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Frank McCourt leaves his mark on baseball's labor deal

November 22, 2011 |  7:13 pm

The divorce proceedings between Frank and Jamie McCourt revealed a lavish lifestyle, with the couple enjoying side-by-side homes near the Playboy Mansion, side-by-side oceanfront estates in Malibu, house calls from hairdressers and makeup artists, and travel by private jet to some of the finest restaurants and hotels in the world.

Yet McCourt's fellow owners cared less about those titillating details than about this scheme: Why were the Dodgers paying themselves $14 million per year to rent property they owned, and how could Commissioner Bud Selig possibly have approved the plan?

That rent money was deducted from the Dodgers' revenue-sharing liability, essentially taking money out of the pockets of other owners. In June, when The Times reported the Dodgers were among nine teams that Major League Baseball said had violated baseball's debt-service rules, the Dodgers cited a waiver issued by Selig's office.

In 2005, Selig also had approved a refinancing plan that diverted much of the Dodgers' annual ticket revenue outside team operations, including debt repayment. You can take a look at the complex structure of the McCourt business entities here.

So, after the Dodgers' bankruptcy filing triggered a wave of charges and counter-charges, the MLB claims that McCourt diverted $189 million from the team were answered in part as follows: "Many of the distributions and transactions about which the Commissioner now complains were disclosed to and approved by the Commissioner years ago, while others do not involve the Dodgers and the baseball assets and thus were never subject to the Commissioner's review and approval."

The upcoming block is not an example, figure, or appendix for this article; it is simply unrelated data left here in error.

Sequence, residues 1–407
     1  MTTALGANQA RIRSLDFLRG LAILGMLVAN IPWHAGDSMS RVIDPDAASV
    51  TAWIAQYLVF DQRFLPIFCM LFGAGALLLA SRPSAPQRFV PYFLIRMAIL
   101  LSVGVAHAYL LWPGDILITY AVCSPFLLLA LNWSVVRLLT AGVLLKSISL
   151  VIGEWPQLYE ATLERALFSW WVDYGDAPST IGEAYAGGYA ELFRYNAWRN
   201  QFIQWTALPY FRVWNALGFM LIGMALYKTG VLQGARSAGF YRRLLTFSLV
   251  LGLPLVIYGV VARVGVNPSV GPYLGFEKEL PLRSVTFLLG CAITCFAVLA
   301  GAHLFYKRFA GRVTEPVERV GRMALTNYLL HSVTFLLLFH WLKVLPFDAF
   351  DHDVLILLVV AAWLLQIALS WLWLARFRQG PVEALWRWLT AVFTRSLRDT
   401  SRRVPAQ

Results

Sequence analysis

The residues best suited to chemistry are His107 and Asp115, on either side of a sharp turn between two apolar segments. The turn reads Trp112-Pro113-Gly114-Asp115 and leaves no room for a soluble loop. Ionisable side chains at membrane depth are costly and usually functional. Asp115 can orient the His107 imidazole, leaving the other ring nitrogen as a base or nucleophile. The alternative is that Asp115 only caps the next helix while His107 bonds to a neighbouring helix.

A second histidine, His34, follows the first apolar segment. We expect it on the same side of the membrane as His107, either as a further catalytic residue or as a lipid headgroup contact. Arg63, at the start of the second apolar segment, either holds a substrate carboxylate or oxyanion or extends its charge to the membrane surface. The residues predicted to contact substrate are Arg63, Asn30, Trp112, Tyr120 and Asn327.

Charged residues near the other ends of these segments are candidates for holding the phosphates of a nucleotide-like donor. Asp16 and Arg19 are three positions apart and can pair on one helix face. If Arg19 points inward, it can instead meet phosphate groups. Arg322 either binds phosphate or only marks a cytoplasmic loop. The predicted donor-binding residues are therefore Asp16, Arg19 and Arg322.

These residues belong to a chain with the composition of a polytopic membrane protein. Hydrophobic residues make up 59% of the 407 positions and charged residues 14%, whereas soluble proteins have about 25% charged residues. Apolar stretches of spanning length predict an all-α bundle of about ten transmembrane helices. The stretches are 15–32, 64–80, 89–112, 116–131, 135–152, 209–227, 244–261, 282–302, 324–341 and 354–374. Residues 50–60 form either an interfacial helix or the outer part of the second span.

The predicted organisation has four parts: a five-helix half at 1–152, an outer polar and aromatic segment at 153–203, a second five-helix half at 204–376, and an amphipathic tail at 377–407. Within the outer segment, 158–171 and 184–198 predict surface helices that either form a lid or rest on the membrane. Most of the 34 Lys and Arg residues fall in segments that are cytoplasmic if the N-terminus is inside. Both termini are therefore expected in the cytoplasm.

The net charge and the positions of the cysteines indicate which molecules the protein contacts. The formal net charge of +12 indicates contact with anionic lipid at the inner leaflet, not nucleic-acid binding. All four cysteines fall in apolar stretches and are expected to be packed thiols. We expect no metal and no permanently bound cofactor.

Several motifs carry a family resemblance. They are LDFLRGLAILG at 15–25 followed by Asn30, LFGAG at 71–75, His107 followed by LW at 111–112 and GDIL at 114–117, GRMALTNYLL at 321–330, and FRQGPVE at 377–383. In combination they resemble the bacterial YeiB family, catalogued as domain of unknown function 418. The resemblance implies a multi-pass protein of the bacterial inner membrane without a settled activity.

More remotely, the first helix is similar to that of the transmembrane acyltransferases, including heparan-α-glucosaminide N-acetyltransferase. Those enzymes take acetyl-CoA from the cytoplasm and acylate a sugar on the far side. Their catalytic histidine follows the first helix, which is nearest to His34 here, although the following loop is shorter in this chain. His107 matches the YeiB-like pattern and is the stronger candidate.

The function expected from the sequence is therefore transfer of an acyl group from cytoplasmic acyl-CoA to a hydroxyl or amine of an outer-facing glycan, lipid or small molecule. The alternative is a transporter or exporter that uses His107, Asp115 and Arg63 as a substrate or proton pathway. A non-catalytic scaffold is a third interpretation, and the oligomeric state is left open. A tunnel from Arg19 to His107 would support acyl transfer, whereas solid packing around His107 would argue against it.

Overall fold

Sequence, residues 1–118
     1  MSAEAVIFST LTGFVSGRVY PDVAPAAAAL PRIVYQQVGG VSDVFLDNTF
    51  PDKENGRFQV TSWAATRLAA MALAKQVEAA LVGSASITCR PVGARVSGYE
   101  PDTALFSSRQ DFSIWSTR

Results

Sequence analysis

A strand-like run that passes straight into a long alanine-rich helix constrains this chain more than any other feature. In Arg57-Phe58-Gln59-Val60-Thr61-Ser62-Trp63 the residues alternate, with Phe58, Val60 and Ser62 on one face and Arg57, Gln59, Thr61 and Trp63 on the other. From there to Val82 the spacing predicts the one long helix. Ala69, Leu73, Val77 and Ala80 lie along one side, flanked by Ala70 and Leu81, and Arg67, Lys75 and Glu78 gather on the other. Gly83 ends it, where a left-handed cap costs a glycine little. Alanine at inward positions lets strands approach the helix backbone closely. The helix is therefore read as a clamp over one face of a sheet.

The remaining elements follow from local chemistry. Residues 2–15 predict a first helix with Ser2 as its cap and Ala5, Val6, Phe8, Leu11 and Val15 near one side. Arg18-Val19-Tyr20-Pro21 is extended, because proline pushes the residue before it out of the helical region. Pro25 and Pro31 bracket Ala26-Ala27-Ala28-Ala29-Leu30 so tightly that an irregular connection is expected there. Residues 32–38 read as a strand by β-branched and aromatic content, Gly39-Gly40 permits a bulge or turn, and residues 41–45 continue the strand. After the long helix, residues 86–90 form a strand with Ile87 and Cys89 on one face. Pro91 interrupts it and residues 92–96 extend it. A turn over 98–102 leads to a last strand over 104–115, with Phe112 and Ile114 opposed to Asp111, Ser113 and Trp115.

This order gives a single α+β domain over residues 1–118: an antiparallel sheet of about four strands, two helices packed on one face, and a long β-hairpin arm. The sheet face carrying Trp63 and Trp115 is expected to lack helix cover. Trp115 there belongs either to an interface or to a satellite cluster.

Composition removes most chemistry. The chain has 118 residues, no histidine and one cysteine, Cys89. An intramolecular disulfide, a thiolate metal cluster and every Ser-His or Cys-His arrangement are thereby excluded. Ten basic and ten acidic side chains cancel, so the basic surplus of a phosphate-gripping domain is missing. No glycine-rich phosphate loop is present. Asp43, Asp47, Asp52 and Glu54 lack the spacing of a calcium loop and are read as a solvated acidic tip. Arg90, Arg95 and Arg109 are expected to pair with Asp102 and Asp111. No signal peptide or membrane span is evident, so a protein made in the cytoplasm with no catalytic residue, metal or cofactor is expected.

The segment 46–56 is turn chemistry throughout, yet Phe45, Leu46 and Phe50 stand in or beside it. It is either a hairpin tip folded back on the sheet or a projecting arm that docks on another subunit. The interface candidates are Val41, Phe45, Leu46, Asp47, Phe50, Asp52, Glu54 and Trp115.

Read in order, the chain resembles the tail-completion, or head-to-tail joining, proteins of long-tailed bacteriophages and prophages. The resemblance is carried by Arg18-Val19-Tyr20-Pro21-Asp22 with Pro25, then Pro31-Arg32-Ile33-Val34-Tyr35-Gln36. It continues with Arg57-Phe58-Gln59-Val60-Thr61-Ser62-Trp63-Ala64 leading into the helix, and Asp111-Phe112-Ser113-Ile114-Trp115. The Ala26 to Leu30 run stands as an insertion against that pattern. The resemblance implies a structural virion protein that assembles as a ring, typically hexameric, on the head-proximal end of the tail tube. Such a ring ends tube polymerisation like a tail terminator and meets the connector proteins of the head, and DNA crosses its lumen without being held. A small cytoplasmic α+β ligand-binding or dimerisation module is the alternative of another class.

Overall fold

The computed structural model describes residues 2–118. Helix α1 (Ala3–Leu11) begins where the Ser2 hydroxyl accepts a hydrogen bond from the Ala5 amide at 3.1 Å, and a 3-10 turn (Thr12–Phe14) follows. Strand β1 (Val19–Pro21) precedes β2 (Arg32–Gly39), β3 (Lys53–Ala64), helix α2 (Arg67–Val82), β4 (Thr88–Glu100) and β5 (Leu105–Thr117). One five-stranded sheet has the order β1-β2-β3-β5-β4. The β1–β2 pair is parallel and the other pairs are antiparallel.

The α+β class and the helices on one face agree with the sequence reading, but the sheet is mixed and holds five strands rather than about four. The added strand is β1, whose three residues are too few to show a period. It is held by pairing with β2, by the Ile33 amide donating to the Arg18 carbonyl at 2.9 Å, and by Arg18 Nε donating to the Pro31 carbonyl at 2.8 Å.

MLB responded that McCourt misled the league about some of those deals and concealed others, but the collective bargaining negotiations provided Selig with a vehicle to tighten some of baseball's financial rules.

McCourt has agreed to sell the Dodgers, so the new rules won't apply to him. However, in an effort to ensure no team can be as leveraged as the Dodgers were, the new labor agreement lowers the general amount of debt a team can carry from 10 times its annual earnings to eight times its annual earnings.

And, to address the structure under which team revenue was funneled to other McCourt entities and not counted against the Dodgers' debt, MLB announced this change as part of the new labor agreement: "Debt of a club's owner or related party will be covered by the debt service rule if the debt is serviced, in whole or in part, using club funds or assets."

Too wordy? Call it the McCourt Rule.


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-- Bill Shaikin

Photo: Dodgers owner Frank McCourt. Credit: Kirby Lee / U.S. Presswire